China’s Foreign Ministry announced Thursday that it retains sole right of refusal over all gas and oil exploration and mining in the South China Sea.
Chinese Foreign Ministry spokesperson Lu Kang told reporters at a news briefing that “We urge relevant parties to earnestly respect China’s sovereign and jurisdictional rights and not do anything that could impact bilateral relations or this region’s peace and stability.”
The “relevant parties” in this case are other countries that also claim parts of the South China Sea, particularly islands in close proximity to gas and oil reserves. Vietnam, the Philippines, Malaysia, Brunei and Taiwan have competing claims in the sea.
The declaration comes after Rosneft Vietnam BV, a unit of the Russian state-owned oil firm Rosneft, announced on its website on May 15 that it had started drilling a production well off the coast of Vietnam in the Lan Do gas field. Lan Do is believed to hold 23 billion cubic meters of natural gas and Rosneft plans to drill a second well before the year is out.
The rub is that the Lan Do and neighboring Phong Lan Dai gas fields both lie within the area of the strategic waterway claimed by both the People’s Republic of China and the Socialist Republic of Vietnam, oilprice.com reported Thursday.
The quarrel over who controls the waterway is “centuries old,” as Singapore’s Defense Minister Ng Eng Hen put it in February, but in recent years things have become increasingly heated, particularly between the two socialist countries. Last June, high-level talks between Beijing and Hanoi were cancelled following a contentious closed-door meeting about the territorial dispute, Sputnik reported.
The following month, Beijing went so far as to promise to strike Vietnamese bases in the Spratly Islands if Talisman-Vietnam, a subsidiary of the Spanish oil company Reposol, was allowed to continue developing in the contested waters, Sputnik reported. The region Rosneft is developing is very close to the area Reposol was in last year, about 400 km southeast of Ho Chi Minh.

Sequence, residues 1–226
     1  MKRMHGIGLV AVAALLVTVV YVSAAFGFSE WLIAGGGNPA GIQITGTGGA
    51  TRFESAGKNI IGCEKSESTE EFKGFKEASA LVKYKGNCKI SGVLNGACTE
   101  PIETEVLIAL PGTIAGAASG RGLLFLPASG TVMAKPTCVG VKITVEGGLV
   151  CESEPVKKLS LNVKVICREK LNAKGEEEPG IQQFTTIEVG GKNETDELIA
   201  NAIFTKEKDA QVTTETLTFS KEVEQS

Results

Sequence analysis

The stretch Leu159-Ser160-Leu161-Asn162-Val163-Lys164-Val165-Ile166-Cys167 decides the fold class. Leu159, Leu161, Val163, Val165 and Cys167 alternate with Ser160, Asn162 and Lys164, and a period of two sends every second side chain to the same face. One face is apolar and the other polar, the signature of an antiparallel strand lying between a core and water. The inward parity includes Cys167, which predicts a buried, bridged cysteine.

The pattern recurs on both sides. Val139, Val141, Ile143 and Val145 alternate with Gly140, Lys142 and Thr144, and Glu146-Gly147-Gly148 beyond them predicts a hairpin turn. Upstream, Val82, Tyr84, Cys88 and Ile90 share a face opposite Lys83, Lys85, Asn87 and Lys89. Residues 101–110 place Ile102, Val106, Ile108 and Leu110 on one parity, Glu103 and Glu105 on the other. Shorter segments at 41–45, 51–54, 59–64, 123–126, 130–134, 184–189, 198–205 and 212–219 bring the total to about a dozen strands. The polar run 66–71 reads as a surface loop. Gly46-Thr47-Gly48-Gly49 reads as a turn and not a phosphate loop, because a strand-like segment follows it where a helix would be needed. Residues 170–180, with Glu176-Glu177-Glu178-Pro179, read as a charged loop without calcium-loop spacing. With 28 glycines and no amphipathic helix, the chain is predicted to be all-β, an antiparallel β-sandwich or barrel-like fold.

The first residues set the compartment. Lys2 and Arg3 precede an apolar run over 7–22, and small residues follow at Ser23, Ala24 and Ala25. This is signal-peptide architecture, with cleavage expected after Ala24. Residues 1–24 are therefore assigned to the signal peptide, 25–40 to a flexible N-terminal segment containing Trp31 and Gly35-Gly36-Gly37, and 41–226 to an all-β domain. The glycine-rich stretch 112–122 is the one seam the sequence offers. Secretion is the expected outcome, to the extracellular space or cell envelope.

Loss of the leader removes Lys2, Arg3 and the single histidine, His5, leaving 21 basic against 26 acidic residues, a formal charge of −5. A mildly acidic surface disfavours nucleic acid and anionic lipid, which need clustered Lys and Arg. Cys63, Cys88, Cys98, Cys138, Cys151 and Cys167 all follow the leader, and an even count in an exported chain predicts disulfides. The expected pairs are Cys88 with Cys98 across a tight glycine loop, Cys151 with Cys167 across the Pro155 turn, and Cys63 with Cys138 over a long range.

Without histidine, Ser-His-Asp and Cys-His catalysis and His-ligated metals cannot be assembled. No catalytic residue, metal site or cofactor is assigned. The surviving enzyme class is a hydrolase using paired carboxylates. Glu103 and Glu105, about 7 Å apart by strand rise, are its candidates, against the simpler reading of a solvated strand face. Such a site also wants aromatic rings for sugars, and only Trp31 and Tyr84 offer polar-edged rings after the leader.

Although heads have cooled somewhat, tensions remain high. Last month, Chinese Foreign Minister Wang Yi, after meeting with his Vietnamese counterpart Pham Binh Minh, noted that Vietnam and China “have agreed that settling the maritime issues is extremely important for the healthy and sustainable development of bilateral relations.”
“The two sides should better manage disputes through talks and refrain from taking unilateral actions that may further complicate and expand the disputes… At the same time, [we] should promote cooperation at sea, including holding talks on joint exploitation,” Maritime-Executive quoted Wang as saying.
Nonetheless, Beijing has continued to develop South China Sea islands as military installations, installing communications jammers, deploying large military transports, cruise missiles, and other military equipment to the islands in recent months, to which regional powers including Vietnam have objected.
However, other powers such as the Philippines have come to terms with China over their overlapping claims, with Chinese Prime Minister Li Keqiang and Philippine President Rodrigo Duterte shaking hands last November on creating a “code of conduct” to “reduce tensions and the risks of accidents, misunderstandings and miscalculation in the region,” Duterte said.